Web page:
Generational Data Sucks

Mind the Gap The Generation Gap

The differences between millennials, Generation X and baby boomers determine not only the shows on our screens and the content of our websites, but the nature of our jobs and the geography of our cities.

We’re generation-obsessed, but two key flaws muddy generational comparisons: Some 110 million Americans were born in years that fall between clear generational divides and data agencies fail to track generations over time.

1) Generation What?

One hindrance is that researchers use inconsistent years to date generations because there aren’t any official, semi-official or even pseudo-official definitions. The generation known as millennials is defined as beginning with births in 1978 or 1980 or 1981 or 1982 or 1983 or 1985. And the last birth year of the millennial generation is variously placed at 1994 or 1995 or 2000 or 2003. If you’re in your 20s, you’re almost definitely a millennial. But the periphery is undefined.

Between every generation there are gaps where researchers use different dates. All told, about 110 million Americans were born in years that are not consistently assigned to one generation or another — or about 35%.

But we could fix that. A number of agencies could step forward and create demarcations around U.S. generations. The Census Bureau makes a study of the U.S. population and is in a position to identify shifts. The Bureau of Labor Statistics knows the ins and outs of the U.S. workforce. The National Bureau of Economic Research, a nonprofit research organization with which many of the nation’s leading economists claim affiliation, steps in to sort through the numbers and provide dates around the recessions and recoveries of the U.S. economy.

The great benefit of NBER’s declarations are not that its dates are indisputable. The value of NBER’s chronology is that it creates a standard that researchers can use to compare apples to apples, even if one could have small quibbles. It’s crystal-clear that the economy experienced a sharp recession in 2008 and 2009 just as it’s crystal-clear a new generation of Americans was born after World War II.

2) How Do Young Adults Then Compare With Young Adults Now?

If you want to see the unemployment rate of people who were ages 25 to 34 in 2011, you can do so with a few quick clicks. But if you want to see the historical unemployment rate for people born in the 1980s, you can’t do it unless you have the statistical skills and stamina to dig through microdata.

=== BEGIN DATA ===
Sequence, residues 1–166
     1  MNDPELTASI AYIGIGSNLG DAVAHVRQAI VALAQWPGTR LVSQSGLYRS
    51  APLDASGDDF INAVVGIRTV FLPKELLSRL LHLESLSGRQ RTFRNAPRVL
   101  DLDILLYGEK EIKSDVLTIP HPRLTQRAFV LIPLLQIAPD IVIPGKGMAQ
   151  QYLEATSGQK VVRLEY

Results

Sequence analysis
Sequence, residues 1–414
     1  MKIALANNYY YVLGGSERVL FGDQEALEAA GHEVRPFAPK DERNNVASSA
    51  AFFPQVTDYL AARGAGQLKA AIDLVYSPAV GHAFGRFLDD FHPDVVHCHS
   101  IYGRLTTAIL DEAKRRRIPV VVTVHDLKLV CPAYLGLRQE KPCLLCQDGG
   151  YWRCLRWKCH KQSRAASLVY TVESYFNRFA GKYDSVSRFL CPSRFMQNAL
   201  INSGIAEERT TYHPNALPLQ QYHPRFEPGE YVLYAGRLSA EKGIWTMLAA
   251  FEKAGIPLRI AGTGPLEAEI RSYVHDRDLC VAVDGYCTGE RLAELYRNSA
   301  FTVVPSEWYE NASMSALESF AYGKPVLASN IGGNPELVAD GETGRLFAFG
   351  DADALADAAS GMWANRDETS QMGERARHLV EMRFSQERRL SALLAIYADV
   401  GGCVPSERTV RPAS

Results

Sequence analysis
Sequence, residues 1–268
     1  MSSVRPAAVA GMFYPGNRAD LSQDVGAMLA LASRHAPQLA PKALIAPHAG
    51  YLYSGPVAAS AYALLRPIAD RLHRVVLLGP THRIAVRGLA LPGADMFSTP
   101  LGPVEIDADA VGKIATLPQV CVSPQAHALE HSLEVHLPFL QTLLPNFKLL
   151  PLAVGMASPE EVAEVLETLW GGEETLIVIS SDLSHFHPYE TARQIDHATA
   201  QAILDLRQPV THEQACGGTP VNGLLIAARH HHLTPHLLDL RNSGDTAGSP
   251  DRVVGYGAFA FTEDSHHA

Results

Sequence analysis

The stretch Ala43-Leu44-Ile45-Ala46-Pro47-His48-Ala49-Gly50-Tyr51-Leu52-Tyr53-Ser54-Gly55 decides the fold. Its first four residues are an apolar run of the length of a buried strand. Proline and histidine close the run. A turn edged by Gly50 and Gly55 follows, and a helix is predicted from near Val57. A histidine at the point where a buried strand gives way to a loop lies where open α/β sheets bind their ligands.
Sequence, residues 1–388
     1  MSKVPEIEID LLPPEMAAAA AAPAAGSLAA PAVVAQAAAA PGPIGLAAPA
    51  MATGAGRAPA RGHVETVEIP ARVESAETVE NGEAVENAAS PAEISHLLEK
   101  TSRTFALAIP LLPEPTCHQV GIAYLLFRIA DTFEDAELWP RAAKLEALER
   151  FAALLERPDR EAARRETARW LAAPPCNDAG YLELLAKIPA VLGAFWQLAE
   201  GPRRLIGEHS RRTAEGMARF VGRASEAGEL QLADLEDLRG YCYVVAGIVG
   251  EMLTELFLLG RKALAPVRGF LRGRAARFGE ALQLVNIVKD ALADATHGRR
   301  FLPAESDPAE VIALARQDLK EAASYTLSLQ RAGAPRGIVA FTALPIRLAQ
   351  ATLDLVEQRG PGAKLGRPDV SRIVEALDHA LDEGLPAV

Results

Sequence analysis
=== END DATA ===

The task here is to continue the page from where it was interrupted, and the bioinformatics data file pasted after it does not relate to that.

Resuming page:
If the U.S. had official dates for its generations, the data agencies could begin releasing data for different generations over time. When the Bureau of Labor Statistics releases unemployment rates by age, it’s also releasing unemployment rates by birth year. The unemployment rate for 20-to-24-year-old workers is 10.5%. And 25-to-34-year-old workers have unemployment of 6.2%.

Phrased in terms of birth year, people born from 1990 to 1994 have an unemployment rate of 10% and those born from 1980 to 1989 have 6.2% unemployment. As it happens, these are roughly the birth years that some researchers assign to millennials.

So the unemployment rate of the young is always higher than the unemployment rate of the old, an example of a life-cycle effect. But how has the labor market varied for different generations? What is the cohort effect? The existing surveys ask the right questions. But their data simply isn’t sorted this way, even though it’s a topic of keen interest from both academics and the general public.

The Labor Department is reluctant to release data with samples that are too narrow. Releasing statistics for people born in a single year may be too much to ask. But releasing statistics in five-year blocks, for example, would create much larger samples. Such data would allow for easy comparisons of unemployment rate and wages over time of people born in 1981 to 1985 versus those born in 1976 to 1980. This could yield interesting insights into the differing outcomes for people who were just beginning their careers when recession struck versus those who already had a strong foothold into the labor market.

If generations were clearly delineated, and high-quality statistics were made available to track their process, much of the low-quality rubbish about generations would be crowded out. And best of all, it wouldn’t require new surveys or statistical agencies.


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